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Zero Boys: History of

[Secretly Canadian Records]

By Alex Weber · March 18th, 2009 · Short Takes

Every once in a while a heretofore ignored piece of Rock history is unearthed, deemed hip by the powers that be and mastered down onto a slice of plastic or vinyl for mass consumption. Luckily, that day has finally come for Indianapolis’ Zero Boys. This totally smokin’, early-‘80s Hoosier punk band’s mind-melting History of cassette, which had been languishing in obscurity for the last 24 or so years, has just been dusted off and given its very first CD and LP release by the good folks at Secretly Canadian. And not a moment too soon, as this kind of slash-and-burn adrenaline is what we all need a good dose of right now.

The Zero Boys were by no means refined (thankfully), but they knew how to effectively and intelligently blend an insolent, frustrated lyrical hook with a clockwork-tight rhythm section that alternated — often within the same song — between a fierce, hardcore-velocity blur and a deliberate, dirgy stomp.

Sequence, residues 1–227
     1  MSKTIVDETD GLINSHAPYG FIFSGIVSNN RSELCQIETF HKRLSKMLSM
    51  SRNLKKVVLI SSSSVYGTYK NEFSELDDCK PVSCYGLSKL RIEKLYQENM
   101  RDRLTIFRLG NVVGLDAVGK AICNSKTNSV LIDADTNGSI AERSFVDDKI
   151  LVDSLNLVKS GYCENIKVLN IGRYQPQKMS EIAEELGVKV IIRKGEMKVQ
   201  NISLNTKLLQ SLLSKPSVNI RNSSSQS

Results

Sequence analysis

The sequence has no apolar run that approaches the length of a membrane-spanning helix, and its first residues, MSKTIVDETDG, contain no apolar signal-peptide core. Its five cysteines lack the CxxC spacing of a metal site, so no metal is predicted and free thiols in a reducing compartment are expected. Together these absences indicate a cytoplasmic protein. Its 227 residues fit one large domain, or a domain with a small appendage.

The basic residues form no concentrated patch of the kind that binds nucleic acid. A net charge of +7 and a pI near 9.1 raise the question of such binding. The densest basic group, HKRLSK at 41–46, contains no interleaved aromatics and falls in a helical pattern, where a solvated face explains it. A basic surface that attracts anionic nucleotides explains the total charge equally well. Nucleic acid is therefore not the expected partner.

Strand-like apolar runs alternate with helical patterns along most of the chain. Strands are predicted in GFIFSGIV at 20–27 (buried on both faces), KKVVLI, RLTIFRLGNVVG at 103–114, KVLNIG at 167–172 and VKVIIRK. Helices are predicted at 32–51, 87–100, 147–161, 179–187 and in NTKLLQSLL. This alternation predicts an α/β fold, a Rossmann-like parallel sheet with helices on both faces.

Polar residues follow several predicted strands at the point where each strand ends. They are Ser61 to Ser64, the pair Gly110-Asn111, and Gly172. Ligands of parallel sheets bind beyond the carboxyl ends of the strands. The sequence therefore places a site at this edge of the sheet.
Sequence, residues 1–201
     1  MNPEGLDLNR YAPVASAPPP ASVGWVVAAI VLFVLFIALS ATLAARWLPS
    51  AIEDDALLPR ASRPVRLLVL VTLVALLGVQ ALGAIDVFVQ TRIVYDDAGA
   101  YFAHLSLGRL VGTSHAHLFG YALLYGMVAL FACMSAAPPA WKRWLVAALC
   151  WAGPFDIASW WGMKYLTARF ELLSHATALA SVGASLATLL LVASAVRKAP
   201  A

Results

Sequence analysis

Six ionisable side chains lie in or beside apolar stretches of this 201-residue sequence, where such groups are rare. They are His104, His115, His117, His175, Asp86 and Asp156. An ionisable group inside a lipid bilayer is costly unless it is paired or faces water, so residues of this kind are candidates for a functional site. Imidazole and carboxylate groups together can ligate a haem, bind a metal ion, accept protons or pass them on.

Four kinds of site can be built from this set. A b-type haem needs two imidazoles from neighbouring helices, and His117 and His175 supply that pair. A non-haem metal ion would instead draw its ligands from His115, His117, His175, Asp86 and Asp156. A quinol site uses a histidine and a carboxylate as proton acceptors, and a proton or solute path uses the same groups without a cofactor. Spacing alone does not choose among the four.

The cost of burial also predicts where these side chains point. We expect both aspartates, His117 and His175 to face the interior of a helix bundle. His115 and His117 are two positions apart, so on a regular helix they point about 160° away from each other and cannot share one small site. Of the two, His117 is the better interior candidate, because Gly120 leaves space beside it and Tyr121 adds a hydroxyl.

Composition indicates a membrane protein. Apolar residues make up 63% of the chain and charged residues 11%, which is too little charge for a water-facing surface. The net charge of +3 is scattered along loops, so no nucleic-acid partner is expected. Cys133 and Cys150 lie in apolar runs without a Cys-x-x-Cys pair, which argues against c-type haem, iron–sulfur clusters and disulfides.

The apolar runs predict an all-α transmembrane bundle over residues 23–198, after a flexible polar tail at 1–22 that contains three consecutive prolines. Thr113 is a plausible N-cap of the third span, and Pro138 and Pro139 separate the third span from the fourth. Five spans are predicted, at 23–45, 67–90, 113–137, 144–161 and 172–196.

This band was one of Grunge’s progenitors; the vocals are sometimes melodic (“Amerika”) or evilly obscured (“Seen That Movie Before”), and the soaring, upfront guitars most certainly verge on the metallic (“Black Network News”) without ever sounding like they’re aspiring for the Hair Metal radio cheese dominant at the time. It’s a fine line the Boys walk beautifully, a line that Green River, Melvins and Nirvana would walk a few short years later.

The songs are almost all strong. Particular standouts are self-mutilation-and-insanity anthem “Blood’s Good,” which truly shreds, and the desperate “Human Body,” which features this simple yet insightful lyric repeated with steadily increasing speed and deadpan intensity: “Stuck inside a human body/Living in a life of pain/Stuck inside a human body/With a stupid human brain!” Now that’s some no-bullshit angst! Like most of the sing-alongable choruses, it’s dumb but delivered with such heartfelt gusto that it’ll have you pumping your fists, fully giving yourself over to the collective dementia both suffered and spread by these fine, landlocked gentlemen. (Also newly available is the Zero Boys’ only LP, Vicious Circle.) Grade: A



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